“I entreat you, give it me. I shall keep it in memory of you . . . of our acquaintance. It’s so wonderful!”
“Take it,” she said, and blushed; “but there’s nothing wonderful about it.”
He looked at her in ecstasy, in silence, not knowing what to say.
“Why am I keeping you here in the heat?” she said after a brief pause, laughing. “Let us go indoors.”
“I am not disturbing you?”
They went into the hall. Yulia Sergeyevna ran upstairs, her white dress with blue flowers on it rustling as she went.
“I can’t be disturbed,” she answered, stopping on the landing. “I never do anything. Every day is a holiday for me, from morning till night.”
“What you say is inconceivable to me,” he said, going up to her. “I grew up in a world in which every one without exception, men and women alike, worked hard every day.”
“But if one has nothing to do?” she asked. “One has to arrange one’s life under such conditions, that work is inevitable. There can be no clean and happy life without work.”
Again he pressed the parasol to his bosom, and to his own surprise spoke softly, in a voice unlike his own:
“If you would consent to be my wife I would give everything—I would give everything. There’s no price I would not pay, no sacrifice I would not make.”
She started and looked at him with wonder and alarm.
“What are you saying!” she brought out, turning pale. “It’s impossible, I assure you. Forgive me.”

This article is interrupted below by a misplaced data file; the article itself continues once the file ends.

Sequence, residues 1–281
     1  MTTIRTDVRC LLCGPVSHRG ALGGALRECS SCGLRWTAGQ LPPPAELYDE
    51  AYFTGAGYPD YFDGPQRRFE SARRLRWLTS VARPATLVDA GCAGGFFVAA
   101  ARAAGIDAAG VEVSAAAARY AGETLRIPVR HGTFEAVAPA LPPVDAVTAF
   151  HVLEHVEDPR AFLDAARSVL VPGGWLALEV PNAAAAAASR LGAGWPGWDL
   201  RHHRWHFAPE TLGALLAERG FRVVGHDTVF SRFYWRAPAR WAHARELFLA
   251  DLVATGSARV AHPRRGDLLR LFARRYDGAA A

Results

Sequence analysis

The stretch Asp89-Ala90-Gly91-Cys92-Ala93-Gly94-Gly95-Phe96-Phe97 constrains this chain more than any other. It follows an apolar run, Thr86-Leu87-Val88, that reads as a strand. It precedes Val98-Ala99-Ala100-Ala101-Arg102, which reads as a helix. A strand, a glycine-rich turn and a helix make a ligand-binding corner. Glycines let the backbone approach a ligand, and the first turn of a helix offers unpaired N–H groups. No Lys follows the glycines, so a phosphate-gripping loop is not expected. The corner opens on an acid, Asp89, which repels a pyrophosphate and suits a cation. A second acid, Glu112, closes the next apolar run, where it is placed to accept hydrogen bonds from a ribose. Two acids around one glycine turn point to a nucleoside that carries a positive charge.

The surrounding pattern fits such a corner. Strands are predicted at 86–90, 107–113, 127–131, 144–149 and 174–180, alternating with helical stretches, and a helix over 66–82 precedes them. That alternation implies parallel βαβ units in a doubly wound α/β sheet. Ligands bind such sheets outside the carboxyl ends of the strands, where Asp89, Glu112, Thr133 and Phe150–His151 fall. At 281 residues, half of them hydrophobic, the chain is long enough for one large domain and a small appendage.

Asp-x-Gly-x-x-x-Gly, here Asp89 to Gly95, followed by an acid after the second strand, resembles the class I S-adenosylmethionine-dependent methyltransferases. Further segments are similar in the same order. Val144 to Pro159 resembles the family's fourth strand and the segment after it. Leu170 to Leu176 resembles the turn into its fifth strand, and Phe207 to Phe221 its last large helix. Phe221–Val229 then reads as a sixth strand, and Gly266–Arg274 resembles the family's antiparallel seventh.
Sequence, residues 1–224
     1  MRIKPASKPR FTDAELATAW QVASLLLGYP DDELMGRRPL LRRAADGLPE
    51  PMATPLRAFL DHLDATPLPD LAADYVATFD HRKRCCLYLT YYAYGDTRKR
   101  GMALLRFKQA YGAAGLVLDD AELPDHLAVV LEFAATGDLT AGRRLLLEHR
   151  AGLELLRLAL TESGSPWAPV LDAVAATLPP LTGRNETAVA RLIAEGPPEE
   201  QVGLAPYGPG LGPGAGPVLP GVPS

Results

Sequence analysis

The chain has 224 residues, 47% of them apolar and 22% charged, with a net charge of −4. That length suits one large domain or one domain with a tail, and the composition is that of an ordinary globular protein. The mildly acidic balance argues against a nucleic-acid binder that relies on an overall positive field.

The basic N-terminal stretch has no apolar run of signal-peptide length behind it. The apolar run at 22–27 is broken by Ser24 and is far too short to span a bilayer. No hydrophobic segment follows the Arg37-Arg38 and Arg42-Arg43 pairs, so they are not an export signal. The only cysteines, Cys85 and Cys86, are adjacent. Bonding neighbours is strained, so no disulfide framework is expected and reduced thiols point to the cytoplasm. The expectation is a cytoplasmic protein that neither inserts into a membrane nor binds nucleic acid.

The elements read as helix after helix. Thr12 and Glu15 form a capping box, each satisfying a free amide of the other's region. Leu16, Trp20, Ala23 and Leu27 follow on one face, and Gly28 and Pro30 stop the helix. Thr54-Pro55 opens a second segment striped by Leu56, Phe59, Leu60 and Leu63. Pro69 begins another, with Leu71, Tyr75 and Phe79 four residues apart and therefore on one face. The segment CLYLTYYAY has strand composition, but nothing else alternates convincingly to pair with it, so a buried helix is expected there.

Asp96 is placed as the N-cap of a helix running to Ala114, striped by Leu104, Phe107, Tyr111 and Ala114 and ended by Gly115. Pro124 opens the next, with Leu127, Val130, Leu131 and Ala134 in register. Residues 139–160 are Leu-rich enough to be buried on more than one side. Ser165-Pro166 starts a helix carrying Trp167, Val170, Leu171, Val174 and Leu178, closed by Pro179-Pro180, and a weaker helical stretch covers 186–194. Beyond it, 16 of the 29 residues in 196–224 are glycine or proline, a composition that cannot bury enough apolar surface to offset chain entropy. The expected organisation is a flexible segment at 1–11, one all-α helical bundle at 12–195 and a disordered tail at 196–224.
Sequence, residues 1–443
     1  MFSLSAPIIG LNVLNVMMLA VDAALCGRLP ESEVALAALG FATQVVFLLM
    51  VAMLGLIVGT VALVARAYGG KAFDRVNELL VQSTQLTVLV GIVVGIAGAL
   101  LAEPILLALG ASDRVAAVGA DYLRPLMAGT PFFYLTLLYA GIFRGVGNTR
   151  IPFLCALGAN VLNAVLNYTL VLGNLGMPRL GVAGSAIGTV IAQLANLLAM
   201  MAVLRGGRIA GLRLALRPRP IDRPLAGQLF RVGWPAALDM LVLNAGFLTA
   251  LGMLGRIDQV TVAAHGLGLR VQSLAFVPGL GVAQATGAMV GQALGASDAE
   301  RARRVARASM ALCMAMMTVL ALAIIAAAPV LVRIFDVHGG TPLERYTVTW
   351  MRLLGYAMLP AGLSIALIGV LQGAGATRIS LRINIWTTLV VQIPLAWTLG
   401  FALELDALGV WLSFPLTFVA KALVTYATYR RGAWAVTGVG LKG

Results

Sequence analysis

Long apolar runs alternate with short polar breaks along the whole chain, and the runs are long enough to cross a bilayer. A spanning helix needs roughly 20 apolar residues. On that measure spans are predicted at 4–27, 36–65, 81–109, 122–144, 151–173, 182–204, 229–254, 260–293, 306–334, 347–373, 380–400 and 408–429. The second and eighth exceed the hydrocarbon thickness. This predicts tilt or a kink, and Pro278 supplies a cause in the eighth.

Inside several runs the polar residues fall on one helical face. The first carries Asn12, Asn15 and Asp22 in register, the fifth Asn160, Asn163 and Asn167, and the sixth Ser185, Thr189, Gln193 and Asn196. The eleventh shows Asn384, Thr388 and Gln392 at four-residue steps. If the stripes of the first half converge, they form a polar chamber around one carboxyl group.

Then with the same rustle of her skirts she went up higher, and vanished through the doorway.
Laptev grasped what this meant, and his mood was transformed, completely, abruptly, as though a light in his soul had suddenly been extinguished. Filled with the shame of a man humiliated, of a man who is disdained, who is not liked, who is distasteful, perhaps disgusting, who is shunned, he walked out of the house.
“I would give everything,” he thought, mimicking himself as he went home through the heat and recalled the details of his declaration. “I would give everything—like a regular tradesman. As though she wanted your everything!”
All he had just said seemed to him repulsively stupid. Why had he lied, saying that he had grown up in a world where every one worked, without exception? Why had he talked to her in a lecturing tone about a clean and happy life? It was not clever, not interesting; it was false—false in the Moscow style. But by degrees there followed that mood of indifference into which criminals sink after a severe sentence. He began thinking that, thank God! everything was at an end and that the terrible uncertainty was over; that now there was no need to spend whole days in anticipation, in pining, in thinking always of the same thing. Now everything was clear; he must give up all hope of personal happiness, live without desires, without hopes, without dreams, or